sábado, 26 de diciembre de 2009
Alice Clark: Alice Clark ... plus (1966-1972)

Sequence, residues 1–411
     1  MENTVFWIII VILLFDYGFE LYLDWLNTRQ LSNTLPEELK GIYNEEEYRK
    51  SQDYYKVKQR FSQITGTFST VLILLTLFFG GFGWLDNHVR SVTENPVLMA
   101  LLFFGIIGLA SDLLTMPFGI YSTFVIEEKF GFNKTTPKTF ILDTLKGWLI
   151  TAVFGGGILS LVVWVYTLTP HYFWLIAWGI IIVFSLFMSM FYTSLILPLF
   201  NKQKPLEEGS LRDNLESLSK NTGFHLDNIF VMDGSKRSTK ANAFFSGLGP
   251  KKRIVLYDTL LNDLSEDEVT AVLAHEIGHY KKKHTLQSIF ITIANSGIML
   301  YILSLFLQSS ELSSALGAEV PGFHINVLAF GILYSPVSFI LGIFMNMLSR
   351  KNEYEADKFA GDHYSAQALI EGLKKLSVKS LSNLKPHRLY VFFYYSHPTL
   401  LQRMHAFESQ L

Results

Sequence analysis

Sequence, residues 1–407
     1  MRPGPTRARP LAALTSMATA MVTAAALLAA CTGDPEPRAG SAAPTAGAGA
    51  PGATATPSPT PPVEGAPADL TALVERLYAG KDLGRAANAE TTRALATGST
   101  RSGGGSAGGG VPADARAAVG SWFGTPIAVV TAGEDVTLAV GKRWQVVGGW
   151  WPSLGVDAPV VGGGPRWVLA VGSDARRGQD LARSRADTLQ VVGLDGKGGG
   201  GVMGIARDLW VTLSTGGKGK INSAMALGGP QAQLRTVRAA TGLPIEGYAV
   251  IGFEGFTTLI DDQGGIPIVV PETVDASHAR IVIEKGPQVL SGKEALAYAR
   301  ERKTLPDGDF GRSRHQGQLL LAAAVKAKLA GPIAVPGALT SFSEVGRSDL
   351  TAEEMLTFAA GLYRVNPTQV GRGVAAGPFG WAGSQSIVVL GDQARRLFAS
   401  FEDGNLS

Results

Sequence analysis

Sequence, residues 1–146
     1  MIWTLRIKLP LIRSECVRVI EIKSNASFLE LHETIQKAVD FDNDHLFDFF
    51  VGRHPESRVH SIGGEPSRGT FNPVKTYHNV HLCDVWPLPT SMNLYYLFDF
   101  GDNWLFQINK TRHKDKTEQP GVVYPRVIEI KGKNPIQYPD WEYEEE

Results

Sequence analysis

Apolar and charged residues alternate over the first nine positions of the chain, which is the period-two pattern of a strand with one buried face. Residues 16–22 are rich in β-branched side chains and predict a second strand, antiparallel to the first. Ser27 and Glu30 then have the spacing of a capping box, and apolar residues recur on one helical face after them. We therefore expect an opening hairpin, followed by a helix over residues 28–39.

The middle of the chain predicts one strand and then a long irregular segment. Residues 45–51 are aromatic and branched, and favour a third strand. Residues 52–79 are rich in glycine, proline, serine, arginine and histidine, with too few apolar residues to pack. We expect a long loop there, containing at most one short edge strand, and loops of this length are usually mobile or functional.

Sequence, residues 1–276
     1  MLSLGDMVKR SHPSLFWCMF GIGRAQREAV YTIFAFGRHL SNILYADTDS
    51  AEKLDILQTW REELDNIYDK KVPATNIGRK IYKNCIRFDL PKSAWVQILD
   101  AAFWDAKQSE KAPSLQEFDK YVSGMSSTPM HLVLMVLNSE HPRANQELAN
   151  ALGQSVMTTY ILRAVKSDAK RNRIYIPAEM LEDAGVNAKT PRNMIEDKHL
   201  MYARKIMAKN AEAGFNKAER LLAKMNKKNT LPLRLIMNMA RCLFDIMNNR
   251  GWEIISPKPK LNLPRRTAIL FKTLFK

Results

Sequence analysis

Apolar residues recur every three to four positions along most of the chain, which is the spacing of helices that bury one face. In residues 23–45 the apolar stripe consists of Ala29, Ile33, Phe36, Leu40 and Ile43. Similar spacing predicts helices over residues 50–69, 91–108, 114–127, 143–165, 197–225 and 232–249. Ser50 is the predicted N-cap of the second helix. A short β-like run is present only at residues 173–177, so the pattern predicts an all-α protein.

It was not initially my intention to post the self-titled 1972 album from Alice Clark - fabulous at it is - because it has been posted everywhere, but as I have had some requests, here it is: your wish is my command. Anyway, I added a few bonus to make it more appealing to those of you who already got it. The album is a sublime masterpiece of R&B/pop from the house of Bob Shad, the jazz producer who founded Mainstream Records. Jimmy Webb's 'I Keep It Hid' starts things off, one of the singles released from this original package and a nugget from another soul masterpiece, Supremes Arranged and Produced by Jimmy Webb, when Webb oversaw the post-Diana Ross girl group the same year as this release. A rendition of Fred Ebb and John Kander's tune, 'Maybe This Time' from the motion picture Cabaret, is included along with three compositions from 'Sunny' author Bobby Hebb. These include 'Don't You Care' and 'Hard, Hard Promises,' two titles Hebb has yet to release on his own. The third is an up-tempo version of 'The Charms of the Arms of Love' which concluded his 1970 album Love Games. Clark rips apart 'It Takes Too Long to Learn to Live Alone' in wonderful fashion with tasteful guitar, chirping horns, and restrained vibraphone. Juanita Fleming's 'Never Did I Stop Loving You' is just brilliant as the vocals take off into different dimensions inside and between the unique melody. The final track, 'Hey Girl,' is not the famous Carole King/Freddy Scott hit, it's a true find originally covered by Donny Hathaway and written by Hathaway's percussion player, Earl DeRouen. Here Clark changes it to 'Hey Boy' in a lively, jazz-heavy jaunt which concludes this dynamite set of recordings that should have made Alice Clark a superstar. http://www.answers.com/. I added 4 bonus tracks here: the George Kerr-produced and wonderfully titled Northern Soul side 'You Hit Me (Right Where It Hurt Me)' - a burner of a tune that was released on Warner subsidiary Seven Arts in about 1966 -, the flip to that record, a moving deep soul ballad titled 'Heaven's Will (Must Be Obeyed)', and her 1968 single 'You Got a Deal' b/w 'Say You'll (Never Leave Me)', which was released by a label called Rainy Day Records.